With each change in ownership came deeper service and staff cutbacks and changes of focus, since the 1999 sale of its broadcast client list to its one-time major rival, the AP, UPI has concentrated on smaller information market niches. It no longer services media organizations in a major way, in 2000, UPI was purchased by News World Communications, an international news media company founded in 1976 by Unification Church leader Sun Myung Moon. It now maintains a website and photo service and electronically publishes several information product packages. It sells a premium service, which has deeper coverage and analysis of emerging threats, the security industry, UPIs content is presented in text and photo formats, in the English and Arabic languages. UPIs main office is in the Miami metropolitan area and it maintains office locations in five countries and uses freelance journalists in other major cities. Beginning with the Cleveland Press, publisher E. W. Scripps created the first chain of newspapers in the United States, Scripps hoped to make a profit from selling that news to papers owned by others.
At that time and until World War II, most newspapers relied on news agencies for stories outside their geographic areas. Despite strong newspaper industry opposition, UP started to sell news to the new and competitive radio medium in 1935, years before competitor AP, controlled by the newspaper industry, Scripps United Press was considered a scrappy alternative news source to the AP. UP reporters were called Unipressers and were noted for their aggressive and competitive streak. UP became a training ground for generations of journalists. Walter Cronkite, who started with United Press in Kansas City, gained fame for his coverage of World War II in Europe and that was part of the spirit. But we knew we could do a good job despite that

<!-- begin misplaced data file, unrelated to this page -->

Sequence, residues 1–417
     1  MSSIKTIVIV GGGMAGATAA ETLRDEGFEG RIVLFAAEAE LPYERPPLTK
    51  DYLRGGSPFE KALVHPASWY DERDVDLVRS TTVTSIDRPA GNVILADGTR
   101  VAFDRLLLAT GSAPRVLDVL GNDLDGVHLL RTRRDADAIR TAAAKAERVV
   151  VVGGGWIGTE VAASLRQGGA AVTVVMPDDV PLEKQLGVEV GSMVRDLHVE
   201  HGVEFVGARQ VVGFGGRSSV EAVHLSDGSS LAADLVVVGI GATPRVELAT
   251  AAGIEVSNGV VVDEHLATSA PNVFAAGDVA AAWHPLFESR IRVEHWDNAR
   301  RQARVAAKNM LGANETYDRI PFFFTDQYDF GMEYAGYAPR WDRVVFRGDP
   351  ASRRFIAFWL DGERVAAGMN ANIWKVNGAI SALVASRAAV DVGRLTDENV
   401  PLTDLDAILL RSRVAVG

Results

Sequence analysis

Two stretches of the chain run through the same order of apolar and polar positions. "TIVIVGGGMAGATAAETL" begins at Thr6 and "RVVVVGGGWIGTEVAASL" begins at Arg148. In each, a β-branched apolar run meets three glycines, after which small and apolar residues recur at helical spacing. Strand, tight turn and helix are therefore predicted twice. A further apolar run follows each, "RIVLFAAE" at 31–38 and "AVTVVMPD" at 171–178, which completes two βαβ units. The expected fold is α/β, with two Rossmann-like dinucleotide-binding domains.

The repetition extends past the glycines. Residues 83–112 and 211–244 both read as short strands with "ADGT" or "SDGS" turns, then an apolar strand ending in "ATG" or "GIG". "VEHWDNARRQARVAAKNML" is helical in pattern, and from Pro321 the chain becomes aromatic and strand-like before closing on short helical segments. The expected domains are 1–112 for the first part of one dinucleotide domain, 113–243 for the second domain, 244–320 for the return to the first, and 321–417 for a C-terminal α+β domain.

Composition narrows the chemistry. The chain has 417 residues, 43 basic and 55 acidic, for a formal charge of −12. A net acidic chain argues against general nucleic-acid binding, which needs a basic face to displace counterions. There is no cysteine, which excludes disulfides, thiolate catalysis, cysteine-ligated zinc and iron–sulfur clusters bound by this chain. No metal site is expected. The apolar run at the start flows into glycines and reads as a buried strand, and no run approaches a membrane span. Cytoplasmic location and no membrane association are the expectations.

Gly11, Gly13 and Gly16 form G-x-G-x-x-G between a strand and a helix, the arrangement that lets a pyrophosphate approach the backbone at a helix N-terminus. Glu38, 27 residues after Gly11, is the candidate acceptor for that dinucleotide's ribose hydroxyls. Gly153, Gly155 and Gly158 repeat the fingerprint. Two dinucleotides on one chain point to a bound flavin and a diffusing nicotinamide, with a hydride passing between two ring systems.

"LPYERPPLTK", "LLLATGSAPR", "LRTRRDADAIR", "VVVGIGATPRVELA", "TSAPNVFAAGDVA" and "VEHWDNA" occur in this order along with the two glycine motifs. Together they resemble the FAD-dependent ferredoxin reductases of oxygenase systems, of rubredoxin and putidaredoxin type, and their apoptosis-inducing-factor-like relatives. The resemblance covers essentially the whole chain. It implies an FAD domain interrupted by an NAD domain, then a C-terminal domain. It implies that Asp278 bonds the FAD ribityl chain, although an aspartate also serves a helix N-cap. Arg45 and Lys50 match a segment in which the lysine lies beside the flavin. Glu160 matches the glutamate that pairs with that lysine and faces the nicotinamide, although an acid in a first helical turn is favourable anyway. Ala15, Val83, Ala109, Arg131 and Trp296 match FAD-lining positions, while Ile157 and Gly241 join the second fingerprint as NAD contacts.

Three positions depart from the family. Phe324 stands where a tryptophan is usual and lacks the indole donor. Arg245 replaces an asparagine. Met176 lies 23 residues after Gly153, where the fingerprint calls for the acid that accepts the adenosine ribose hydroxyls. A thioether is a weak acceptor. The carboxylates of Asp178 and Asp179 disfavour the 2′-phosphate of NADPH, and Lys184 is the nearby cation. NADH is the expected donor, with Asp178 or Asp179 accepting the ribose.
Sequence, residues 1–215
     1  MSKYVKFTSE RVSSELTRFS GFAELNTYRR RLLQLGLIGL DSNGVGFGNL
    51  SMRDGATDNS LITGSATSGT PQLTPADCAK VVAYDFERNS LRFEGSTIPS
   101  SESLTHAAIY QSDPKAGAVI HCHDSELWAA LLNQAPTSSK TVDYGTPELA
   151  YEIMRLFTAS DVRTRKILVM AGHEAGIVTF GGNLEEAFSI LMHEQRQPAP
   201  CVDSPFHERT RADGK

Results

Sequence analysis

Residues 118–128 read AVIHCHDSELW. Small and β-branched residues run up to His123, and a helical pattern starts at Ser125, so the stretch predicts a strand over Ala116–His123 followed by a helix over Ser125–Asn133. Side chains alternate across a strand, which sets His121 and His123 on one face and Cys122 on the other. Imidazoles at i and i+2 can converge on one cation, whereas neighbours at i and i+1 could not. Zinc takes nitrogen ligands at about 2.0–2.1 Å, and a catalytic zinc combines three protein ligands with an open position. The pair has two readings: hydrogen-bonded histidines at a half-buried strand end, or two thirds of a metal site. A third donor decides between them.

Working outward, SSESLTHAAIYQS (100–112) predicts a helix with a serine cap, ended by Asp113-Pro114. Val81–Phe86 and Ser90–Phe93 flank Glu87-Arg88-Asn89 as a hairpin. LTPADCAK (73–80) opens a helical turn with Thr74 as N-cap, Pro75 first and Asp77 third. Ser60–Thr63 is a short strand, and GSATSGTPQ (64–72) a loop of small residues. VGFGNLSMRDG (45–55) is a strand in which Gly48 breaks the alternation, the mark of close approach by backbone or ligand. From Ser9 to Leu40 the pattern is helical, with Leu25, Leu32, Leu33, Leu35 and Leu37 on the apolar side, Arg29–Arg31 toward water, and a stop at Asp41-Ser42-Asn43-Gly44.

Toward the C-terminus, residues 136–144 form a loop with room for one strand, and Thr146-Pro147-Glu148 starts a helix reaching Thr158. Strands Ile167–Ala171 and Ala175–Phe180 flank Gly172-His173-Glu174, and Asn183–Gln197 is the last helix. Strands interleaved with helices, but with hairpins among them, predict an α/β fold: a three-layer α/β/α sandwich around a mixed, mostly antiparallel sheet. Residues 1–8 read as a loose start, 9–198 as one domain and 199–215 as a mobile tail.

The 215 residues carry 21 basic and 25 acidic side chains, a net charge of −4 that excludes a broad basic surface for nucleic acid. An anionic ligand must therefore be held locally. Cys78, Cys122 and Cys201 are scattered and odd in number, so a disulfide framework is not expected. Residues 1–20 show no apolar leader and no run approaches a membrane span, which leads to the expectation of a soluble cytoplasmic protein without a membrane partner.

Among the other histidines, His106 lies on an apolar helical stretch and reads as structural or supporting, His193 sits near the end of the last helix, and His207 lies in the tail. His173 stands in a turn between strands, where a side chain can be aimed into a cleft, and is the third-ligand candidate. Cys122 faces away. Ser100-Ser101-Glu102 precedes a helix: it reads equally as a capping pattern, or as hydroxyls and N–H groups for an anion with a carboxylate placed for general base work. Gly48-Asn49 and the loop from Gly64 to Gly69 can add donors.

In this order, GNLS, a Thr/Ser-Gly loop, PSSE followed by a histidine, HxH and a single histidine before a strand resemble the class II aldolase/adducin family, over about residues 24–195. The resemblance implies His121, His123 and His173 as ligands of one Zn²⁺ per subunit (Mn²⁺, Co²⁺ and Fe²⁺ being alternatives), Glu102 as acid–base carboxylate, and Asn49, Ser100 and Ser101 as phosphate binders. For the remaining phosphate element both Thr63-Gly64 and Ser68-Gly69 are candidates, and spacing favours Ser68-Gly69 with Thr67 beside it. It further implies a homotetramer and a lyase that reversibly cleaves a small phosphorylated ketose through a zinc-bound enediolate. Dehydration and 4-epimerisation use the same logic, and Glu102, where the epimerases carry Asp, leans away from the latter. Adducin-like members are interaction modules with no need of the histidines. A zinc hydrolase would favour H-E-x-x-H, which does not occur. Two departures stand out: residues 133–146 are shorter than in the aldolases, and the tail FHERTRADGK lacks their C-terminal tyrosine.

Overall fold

West Lafayette, Indiana
West Lafayette is directly across the Wabash River from its sister city, Lafayette. As of the 2010 census, its population was 29,796 and it is the most densely populated city in Indiana and is home to Purdue University. Augustus Wylie laid out a town in 1836 in the Wabash River floodplain south of the present Levee, due to regular flooding of the site, Wylies town was never built. The present city was formed in 1888 by the merger of the adjacent suburban towns of Chauncey, the three towns had been small suburban villages which were directly adjacent to one another. Kingston was laid out in 1855 by Jesse B, Chauncey was platted in 1860 by the Chauncey family of Philadelphia, wealthy land speculators. Chauncey and Kingston formed a government in 1866 which selected the name Chauncey. The new town of Chauncey remained a suburban village until Purdue University opened in 1869. In 1871 Chauncey voted to be annexed by Lafayette because it was unable to provide the infrastructure, Lafayette voted against annexing Chauncey because of the high cost of the many improvements that the village lacked.